Having these visions scared him. They scared him because sometimes he saw terrible images; creatures and nightmarish landscapes. But what scared him more was not knowing if he was sick, if he was insane, or if these visions were real. If he could capture an image he would know it was real. And if it was real he would know he wasn’t going nuts.

“You better get out some colorful pens, Hank. These guys are like human-sized birds with long cloaks. And I think they’re gardening.”

At first glance Nathan recoiled, unprepared to see the bare scaly legs that bent in the wrong direction.  He gradually became enchanted by their peaceful movement and flashes of plumage. The long robes of the birdmen hid most of their features. Yet as they moved, flashes of a leg or arm became visible; an arm covered in short colorful feathers. The curve of a beak stuck out from under their straw hats; as wide as umbrellas. Yet their faces were hidden.

“These guys are amazing Hank. But what they're doing is odd. They have these cutting tools and are shaping tall bushes, like sculptures.  The shapes are incredible.”

“What kind of shapes? Do any look like animals? I want them to make one that looks like a whale.” Hank screwed up his face for a moment and continued. “But not the ones with teeth, they seem mean. The ones with those big filters for catching shrimp.”

“You mean the baleen whales?”

“Yeah, baleen. What a weird word. Are they making baleen whale shapes?”

“No. The sculptures curve and spiral, they point in weird directions. You know what they remind me of? Bowers. Do you remember that nature show we watched with the birds building fancy houses of sticks to attract their mates? They decorated them with colored flower petals, shells, and trash. That’s what these guys could be. But sort of strange human-like alien birdmen instead of actual birds.”

“Cool,” said Hank as he scribbled feverishly in his vision journal. Whenever Nathan would let him in on what he saw during a vision, which wasn't that often, Hank would turn it into art and record the details Nathan would narrate. Today Nathan hoped to capture an image of his own, one that would prove he wasn’t crazy.

“You have to tell me more about the Bowerbird-men. All the particulars,” said Hank. He liked saying particulars and mimicked a British accent whenever he spoke the word.  Nathan fixated on the image that only he could see. His eyes darted around, tracking the activity. Hank watched Nathan and glanced to the empty field between scribbles, hoping for something interesting to appear.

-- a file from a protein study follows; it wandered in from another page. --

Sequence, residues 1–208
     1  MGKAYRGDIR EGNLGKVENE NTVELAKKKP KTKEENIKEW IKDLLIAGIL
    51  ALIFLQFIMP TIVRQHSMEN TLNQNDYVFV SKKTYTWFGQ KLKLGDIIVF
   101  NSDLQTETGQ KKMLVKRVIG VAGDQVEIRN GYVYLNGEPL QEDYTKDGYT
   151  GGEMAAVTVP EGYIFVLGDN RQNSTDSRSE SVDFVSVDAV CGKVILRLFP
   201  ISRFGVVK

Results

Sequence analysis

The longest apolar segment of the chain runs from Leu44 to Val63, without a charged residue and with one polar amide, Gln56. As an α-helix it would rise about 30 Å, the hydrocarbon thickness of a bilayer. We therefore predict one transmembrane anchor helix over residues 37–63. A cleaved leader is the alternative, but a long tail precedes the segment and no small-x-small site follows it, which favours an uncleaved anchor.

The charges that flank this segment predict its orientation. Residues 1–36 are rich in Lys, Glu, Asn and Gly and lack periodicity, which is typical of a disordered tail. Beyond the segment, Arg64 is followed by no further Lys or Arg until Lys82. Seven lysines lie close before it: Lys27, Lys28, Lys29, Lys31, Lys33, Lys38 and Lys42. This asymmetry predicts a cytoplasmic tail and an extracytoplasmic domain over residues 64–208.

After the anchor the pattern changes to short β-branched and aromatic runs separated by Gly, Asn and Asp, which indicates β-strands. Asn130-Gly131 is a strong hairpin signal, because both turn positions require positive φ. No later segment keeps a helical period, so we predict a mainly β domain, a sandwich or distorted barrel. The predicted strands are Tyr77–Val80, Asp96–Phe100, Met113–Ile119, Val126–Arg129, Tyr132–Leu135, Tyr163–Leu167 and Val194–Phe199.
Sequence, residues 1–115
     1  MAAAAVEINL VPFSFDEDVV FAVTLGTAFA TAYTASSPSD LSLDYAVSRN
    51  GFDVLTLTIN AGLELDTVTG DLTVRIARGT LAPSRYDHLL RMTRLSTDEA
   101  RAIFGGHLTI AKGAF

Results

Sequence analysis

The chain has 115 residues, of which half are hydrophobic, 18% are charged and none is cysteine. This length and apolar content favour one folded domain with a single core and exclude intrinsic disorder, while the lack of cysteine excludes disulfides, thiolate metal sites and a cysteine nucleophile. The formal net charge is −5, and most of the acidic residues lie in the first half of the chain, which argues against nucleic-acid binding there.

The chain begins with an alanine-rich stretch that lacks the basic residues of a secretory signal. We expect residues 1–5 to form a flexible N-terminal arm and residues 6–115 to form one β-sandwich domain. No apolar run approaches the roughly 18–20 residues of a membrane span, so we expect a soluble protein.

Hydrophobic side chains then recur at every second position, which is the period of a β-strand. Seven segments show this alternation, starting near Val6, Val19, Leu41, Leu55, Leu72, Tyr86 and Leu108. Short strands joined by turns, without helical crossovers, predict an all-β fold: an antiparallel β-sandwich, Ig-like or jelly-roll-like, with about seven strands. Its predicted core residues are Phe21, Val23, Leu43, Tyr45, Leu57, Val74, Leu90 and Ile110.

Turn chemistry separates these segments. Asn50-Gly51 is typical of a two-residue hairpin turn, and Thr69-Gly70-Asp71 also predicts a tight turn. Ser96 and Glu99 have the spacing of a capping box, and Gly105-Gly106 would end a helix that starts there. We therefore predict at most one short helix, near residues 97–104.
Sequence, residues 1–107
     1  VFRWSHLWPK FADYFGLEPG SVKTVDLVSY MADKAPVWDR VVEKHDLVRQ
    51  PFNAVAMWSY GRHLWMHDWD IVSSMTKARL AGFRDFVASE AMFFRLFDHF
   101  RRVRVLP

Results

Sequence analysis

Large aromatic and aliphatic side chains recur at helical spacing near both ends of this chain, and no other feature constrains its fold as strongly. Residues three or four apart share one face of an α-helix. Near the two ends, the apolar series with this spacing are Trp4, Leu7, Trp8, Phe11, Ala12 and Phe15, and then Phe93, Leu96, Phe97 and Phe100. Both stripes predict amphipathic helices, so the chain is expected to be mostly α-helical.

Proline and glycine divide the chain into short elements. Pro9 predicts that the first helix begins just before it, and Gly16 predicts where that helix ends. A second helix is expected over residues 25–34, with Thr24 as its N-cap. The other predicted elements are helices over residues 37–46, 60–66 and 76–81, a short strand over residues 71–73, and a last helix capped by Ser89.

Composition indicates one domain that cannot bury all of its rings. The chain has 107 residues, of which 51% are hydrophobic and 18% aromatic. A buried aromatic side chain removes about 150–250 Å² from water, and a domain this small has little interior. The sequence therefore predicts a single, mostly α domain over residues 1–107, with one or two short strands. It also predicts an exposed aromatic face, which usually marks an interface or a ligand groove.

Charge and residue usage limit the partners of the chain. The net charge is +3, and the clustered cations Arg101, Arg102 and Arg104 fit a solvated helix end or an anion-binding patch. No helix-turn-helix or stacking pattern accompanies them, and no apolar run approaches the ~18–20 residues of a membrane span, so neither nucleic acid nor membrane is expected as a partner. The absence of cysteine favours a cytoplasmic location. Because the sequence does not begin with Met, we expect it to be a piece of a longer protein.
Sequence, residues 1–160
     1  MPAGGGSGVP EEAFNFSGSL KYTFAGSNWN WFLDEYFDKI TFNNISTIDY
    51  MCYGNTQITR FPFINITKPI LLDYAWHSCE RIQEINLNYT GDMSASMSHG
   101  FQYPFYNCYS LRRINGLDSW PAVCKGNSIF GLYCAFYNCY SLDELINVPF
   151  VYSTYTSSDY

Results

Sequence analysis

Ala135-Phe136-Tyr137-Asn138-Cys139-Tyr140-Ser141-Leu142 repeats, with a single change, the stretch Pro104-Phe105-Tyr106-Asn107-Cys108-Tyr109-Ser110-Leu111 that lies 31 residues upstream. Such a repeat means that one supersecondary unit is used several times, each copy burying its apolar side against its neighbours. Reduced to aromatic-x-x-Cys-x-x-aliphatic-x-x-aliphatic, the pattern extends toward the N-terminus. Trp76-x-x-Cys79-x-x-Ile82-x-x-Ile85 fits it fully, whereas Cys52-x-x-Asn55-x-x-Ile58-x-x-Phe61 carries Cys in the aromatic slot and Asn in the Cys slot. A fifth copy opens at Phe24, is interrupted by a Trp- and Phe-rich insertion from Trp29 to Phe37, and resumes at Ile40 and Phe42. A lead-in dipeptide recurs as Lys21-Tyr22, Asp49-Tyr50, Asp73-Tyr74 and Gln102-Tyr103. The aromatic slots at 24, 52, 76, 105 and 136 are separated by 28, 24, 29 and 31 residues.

“Whoa. There’s something new. Animals,” said Nathan.

“Animal sculptures?” asked Hank.

“No, these are actual animals. Their bodies are like tigers but they have pointed tails, pointed like spears. And they’re massive. Bigger than the Bowerbird-men. I’m not sure if they’re pets or guards. They seem different than the Bowers, darker, threatening.”

“I wish I could see them too,” said Hank.  Nathan’s face contorted.  His expression soured and he shut his eyes.  He slouched forward and shook his head from side to side.

“Why do you say that Hank? You know how everyone treats me. You don’t want that do you?”

Hank stopped drawing feathers and looked up at Nathan, then back to his book. He thought of the taunts Nathan endured. People who saw him staring at nothing, sometimes shouting in fear or trying to speak to people who weren't there. Freaky Nate, is what they called him.

“No, I guess not. But what you see sounds so amazing sometimes and this place is, well, not.”

Nathan tuned his attention back to the otherworld. While he adjusted the camera lens an electronic beep pierced his focus. The memory card was almost full, he thought. Altering his focus back to the Bowerbird-men, he found them working with a rhythm.  Their garden structures were separated by tens of feet, yet the men moved in synchrony, as if they were dancing.  Nathan imagined they were hearing music and trimming the shrubbery to the beat of a tune. Watching their movements, he could almost hear the rhythm of the song.  It calmed him. He continued to narrate the image to Hank who began adding red spotted mushrooms to his sketch and a twisted wood arch extending over one bower structure.

A final long beep came from the camera. “The memory card is full. Here, rewind and take a look. Tell me what you see.” Nathan was hopeful. He removed the nest of wires and camera parts from his head and handed it to Hank. Hank set down his pad and focused on the small screen attached to the side of the home-made camera helmet. He frowned.

“Well?” asked Nathan.

“Sorry Nate. It’s just the field. Dead grass and sky. Nothing.” Hank tugged his right ear; a sure sign he was upset. He believed in his brother and wanted to be like him, even if it meant being a freak too.

Nathan let out two forceful sighs before he ignored the failed equipment and continued describing the vision to Hank as if he wasn’t completely devastated.